China's permanent observership to the Arctic Council is clearly a great step forward for all Arctic states and indigenous groups. Going further, it offers indisputable proof of what Chinese strategists have understood since 2009 in terms of how one non-Arctic state must act to work its way into a region in which it does not naturally belong: by abandoning 20th century notions of "hard power" and "soft power" and embracing instead a kind of "humble power."
Until now, China's bids to the Arctic Council had been blocked by a handful of states and indigenous groups that did not understand why an inclusive approach to Arctic governance and institution building better meets everyone's interest in the region. Let's not ignore the reality: As we moved closer to the Kiruna ministerial meeting, the only interrogation with regards to China's application to the Arctic Council was something like, "We Arctic powers should definitely grant China permanent observership, but how can we effectively channel the 'Chinarctic threat' afterward?"
In this regard, one can comfortably say that the late night Arctic ministers gathering on May 14 will be remembered as a true moment of tension and muscle flexing.
Indeed, since then, Beijing has engaged in an unprecedented effort to develop strong bilateral relations with European Arctic states, offered billions of yuan to finance energy, mining and infrastructure development in Russia and Canada, and gave a strong hard sciences research flavor to its Arctic activities. In other words, China has ultimately managed to reshuffle the Arctic balance of power in record time.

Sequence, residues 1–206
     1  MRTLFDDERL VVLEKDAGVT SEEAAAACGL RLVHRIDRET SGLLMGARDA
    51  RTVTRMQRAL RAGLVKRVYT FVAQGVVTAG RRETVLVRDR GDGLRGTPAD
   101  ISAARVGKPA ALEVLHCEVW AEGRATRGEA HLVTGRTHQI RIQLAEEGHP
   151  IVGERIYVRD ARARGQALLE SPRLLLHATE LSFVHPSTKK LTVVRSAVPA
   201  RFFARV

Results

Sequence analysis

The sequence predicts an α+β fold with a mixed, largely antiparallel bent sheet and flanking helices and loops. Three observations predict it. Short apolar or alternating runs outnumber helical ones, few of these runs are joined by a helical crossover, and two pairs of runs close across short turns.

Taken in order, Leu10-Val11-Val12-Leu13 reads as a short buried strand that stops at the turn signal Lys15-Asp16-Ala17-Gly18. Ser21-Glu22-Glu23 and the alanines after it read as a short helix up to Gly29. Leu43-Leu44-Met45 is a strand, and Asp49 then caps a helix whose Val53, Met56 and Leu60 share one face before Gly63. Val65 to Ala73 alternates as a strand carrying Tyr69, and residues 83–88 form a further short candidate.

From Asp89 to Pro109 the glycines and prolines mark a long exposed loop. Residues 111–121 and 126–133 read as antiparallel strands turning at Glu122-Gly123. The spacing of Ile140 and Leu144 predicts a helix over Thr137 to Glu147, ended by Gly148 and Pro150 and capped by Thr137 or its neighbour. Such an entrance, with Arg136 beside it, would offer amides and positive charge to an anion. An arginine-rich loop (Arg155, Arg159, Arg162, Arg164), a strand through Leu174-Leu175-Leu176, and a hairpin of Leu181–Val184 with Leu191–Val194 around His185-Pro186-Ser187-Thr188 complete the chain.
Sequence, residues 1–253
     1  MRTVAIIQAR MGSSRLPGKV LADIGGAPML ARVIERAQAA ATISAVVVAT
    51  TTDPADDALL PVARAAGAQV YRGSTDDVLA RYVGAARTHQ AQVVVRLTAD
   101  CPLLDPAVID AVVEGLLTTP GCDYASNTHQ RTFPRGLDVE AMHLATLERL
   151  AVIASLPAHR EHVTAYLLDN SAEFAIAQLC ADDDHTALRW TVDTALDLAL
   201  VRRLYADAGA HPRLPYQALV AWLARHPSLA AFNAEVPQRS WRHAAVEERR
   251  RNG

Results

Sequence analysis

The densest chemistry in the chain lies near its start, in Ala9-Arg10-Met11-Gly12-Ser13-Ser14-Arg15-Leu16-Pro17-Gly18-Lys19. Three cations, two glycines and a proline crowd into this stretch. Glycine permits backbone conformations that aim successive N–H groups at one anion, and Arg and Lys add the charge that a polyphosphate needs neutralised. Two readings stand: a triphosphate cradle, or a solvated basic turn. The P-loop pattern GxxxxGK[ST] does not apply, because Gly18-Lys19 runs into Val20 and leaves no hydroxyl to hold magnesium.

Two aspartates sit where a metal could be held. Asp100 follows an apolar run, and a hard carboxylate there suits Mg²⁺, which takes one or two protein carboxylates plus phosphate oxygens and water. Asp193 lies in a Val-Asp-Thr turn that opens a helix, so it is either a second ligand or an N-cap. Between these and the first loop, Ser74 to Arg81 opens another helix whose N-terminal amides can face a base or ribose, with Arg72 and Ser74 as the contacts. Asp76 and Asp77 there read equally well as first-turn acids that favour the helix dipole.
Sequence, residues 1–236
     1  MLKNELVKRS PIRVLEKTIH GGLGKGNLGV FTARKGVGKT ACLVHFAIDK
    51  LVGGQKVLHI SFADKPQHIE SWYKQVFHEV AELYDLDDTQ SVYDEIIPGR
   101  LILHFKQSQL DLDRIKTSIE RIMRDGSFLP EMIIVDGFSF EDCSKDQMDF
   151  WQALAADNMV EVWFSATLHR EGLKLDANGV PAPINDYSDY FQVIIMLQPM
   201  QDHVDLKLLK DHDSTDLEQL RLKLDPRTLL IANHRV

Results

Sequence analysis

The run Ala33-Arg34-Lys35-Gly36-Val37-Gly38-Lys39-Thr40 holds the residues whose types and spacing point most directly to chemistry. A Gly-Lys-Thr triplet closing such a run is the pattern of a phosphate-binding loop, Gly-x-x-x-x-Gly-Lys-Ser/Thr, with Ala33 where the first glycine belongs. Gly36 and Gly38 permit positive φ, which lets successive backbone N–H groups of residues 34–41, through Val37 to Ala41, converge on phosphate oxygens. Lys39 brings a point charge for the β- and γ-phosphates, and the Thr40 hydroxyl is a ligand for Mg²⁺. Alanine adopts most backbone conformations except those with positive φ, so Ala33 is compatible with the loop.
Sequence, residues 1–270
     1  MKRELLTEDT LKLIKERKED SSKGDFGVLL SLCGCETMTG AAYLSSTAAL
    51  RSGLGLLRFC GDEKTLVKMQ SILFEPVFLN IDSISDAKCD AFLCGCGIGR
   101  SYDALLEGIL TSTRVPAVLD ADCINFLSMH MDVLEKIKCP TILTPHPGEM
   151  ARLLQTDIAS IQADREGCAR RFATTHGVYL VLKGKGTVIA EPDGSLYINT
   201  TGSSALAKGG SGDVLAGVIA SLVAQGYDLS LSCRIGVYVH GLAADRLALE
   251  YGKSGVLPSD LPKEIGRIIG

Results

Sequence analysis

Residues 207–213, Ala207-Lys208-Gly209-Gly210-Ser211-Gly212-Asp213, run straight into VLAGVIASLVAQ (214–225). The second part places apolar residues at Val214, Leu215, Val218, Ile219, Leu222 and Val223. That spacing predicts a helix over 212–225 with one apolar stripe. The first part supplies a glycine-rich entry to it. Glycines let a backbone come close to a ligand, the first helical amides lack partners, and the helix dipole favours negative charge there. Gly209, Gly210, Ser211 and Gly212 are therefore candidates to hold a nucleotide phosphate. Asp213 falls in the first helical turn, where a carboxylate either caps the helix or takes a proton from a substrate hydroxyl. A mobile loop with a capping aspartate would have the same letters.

However, there is more to it than just growing deals and offering scholarships and grants to Arctic students and researchers. Whether in Washington D.C., London or Paris, the Chinese Arctic agenda generates all kinds of wild fantasies because of its mix of smoke and mirrors and official gestures. In this blurry environment, China proved it did not need permanent observership at the Arctic Council to act as an effective member. The most critical effort in this regard is certainly its unprecedented strong ties with its new best Arctic friend: Iceland.
Icelandic Prime Minister Johanna Sigurdardottir and her counterpart Li Keqiang sealed on April 15 in Beijing the first free-trade agreement (FTA) between China and a European state. In Iceland, China can expect better access to North Atlantic waters thanks to the development of the Arctic Bridge sea route, and the development of deep-water shipping hubs in Akureyri, Seydisfjördur, Hvalfjördur or Reykjavík.